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HOT CORNER: Old Home Week harness racing expected to provide lots of excitement

It’s time for MLB to scrap interleague play


Published on August 12, 2017

Old Home Week harness racing is underway in Charlottetown, and it promises to be one heck of a week for everyone involved.

Joe MacIntyre
Jason Simmonds/TC Media

Two Gold Cup and Saucer elimination races, the world driving championship final on Aug. 18 and the Gold Cup and Saucer final on Aug. 19 will have fans flocking to the P.E.I. capital in the coming week.
Race secretary Gerard Smith has once again assembled two great fields of horses for the eliminations on Saturday and Monday, and there may even be enough speed amongst the 14 entered in the eliminations to produce a miracle mile of 1:50 or better.
Six of the 14 have records of 1:49:4 or better, including a lifetime best of 1:47:2 from Always At My Place who is in Saturday’s elimination. Smith deserves credit for getting the quality horses to the East Coast as it is a long and tough trip to ship horses from as far away as Toronto and New York.
Twelve of the 14 are ship-ins, with no guarantee that they will even make enough to cover the expenses to get here. The prestige that comes with the Gold Cup and Saucer, along with enjoying a week on P.E.I., has a lot to do with attracting some of the top horsemen to Charlottetown.
It is always a great week of harness racing, and this year will be as well.

MLB’s best player
Is Major League Baseball’s (MLB) best player also its smallest player?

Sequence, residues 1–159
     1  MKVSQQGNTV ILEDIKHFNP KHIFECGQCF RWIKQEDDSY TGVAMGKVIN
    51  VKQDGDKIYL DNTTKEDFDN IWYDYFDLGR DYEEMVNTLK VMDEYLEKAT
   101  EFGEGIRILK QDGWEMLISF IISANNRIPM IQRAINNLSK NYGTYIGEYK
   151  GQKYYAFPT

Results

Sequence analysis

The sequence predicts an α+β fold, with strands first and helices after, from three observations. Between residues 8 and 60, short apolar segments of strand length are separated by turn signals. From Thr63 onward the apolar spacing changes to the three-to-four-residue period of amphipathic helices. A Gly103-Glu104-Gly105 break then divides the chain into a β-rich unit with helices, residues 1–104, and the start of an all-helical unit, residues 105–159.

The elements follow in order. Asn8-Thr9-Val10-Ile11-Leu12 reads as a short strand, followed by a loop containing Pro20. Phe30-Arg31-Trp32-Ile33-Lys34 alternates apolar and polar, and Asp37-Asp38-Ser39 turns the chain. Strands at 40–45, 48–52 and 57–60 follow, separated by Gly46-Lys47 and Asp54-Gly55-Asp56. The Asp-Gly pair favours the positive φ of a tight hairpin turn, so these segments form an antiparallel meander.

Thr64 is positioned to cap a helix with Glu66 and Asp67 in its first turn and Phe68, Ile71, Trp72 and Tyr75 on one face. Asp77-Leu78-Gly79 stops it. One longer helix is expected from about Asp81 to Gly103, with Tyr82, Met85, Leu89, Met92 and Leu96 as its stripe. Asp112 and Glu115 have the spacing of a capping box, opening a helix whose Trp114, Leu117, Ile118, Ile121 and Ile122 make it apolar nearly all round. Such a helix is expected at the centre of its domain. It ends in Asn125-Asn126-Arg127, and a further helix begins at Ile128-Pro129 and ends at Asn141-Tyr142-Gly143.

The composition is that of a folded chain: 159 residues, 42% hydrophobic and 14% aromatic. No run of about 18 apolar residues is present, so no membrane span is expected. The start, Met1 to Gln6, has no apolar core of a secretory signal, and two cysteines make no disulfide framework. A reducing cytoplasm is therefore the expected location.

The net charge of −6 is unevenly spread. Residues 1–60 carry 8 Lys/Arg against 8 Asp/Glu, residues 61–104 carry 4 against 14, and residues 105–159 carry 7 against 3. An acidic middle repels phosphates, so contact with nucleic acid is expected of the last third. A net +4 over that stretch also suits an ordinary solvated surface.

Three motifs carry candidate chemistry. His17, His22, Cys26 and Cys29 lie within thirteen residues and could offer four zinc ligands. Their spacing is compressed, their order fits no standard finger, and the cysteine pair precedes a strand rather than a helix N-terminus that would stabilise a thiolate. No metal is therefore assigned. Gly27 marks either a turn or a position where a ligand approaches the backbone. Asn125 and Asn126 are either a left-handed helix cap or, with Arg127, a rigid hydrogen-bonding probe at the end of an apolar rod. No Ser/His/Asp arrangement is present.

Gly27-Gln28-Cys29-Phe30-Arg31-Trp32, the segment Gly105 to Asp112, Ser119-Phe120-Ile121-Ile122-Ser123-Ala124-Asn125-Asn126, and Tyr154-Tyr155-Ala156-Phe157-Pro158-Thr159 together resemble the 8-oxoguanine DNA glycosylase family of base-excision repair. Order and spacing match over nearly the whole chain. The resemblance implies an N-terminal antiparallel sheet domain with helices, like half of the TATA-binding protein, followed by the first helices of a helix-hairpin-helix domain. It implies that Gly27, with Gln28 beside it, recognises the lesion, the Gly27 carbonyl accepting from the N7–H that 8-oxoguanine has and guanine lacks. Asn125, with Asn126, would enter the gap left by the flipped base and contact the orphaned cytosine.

José Altuve is five-foot-six tall, and is the shortest player in MLB along with Colorado’s Alex Amarista.
Altuve just may be the best player in the game, or at least his numbers would indicate so. He is hitting at a .365 clip, the best in baseball, and that is after seasons of .341, .313, and .338 over the last three seasons. At last count he had over 100 more hits than any other MLB player since 2014. He also plays great defence, and is a great leader on a Houston Astros’ team that looks to be contenders over the next few years.
Altuve is putting up the numbers in what has become a big man’s game. Of the 750 players making up the 25-man rosters on the 30 MLB teams, 628, or almost 84 per cent, are six-feet tall or taller. Altuve is proof that size does not matter.
Boston’s Doug Fister and the Yankee’s Dellin Betances , both at six-foot-eight, are the tallest players in the majors. New York Yankees’ rookie Aaron Judge is listed at six-foot-seven.  

Interleague baseball
Interleague baseball should come to an end if for no other reason than it is not fair to the American League.
When an American League team plays in a National League city, they lose the designated hitter, which weakens their lineup and forces that team to have their pitcher hit – something that he does not do all year.
A star pitcher facing 100-mile-per-hour fastballs only a few times a year carries too much risk that is just not fair.
In an American League park, the National League team gains an advantage by using the DH, which strengthens their lineup against a usual lineup of the AL team.
That is not to mention the lost rivalries in each league. Toronto and Detroit visit each other only once per season, and that has taken away one of the best American League rivalries of the past. Wouldn’t Jays’ fans on the West Coast of Canada enjoy a second series with Seattle?
I cannot think of one good reason why MLB has interleague play, and it is time to scrap it. Watching this weekend’s Toronto-Pittsburgh inter-league series will be about as exciting as watching the tide come in.
Have a great week!

Joe MacIntyre is a Summerside resident. His column appears every Saturday. Comments and suggestions can be sent to j-mac@eastlink.ca.